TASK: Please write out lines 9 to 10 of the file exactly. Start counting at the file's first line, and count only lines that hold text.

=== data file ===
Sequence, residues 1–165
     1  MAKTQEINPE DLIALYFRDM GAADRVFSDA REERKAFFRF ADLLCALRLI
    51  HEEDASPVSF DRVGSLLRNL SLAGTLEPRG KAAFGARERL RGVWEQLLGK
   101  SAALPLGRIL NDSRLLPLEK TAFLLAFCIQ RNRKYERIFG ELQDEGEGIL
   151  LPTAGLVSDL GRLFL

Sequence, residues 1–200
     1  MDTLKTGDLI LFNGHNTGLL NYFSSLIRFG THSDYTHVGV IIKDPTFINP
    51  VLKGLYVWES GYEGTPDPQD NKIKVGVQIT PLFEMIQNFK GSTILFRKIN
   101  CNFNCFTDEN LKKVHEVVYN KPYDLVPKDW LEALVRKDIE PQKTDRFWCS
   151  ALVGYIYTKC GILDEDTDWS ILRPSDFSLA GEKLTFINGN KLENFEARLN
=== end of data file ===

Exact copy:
   101  CNFNCFTDEN LKKVHEVVYN KPYDLVPKDW LEALVRKDIE PQKTDRFWCS
   151  ALVGYIYTKC GILDEDTDWS ILRPSDFSLA GEKLTFINGN KLENFEARLN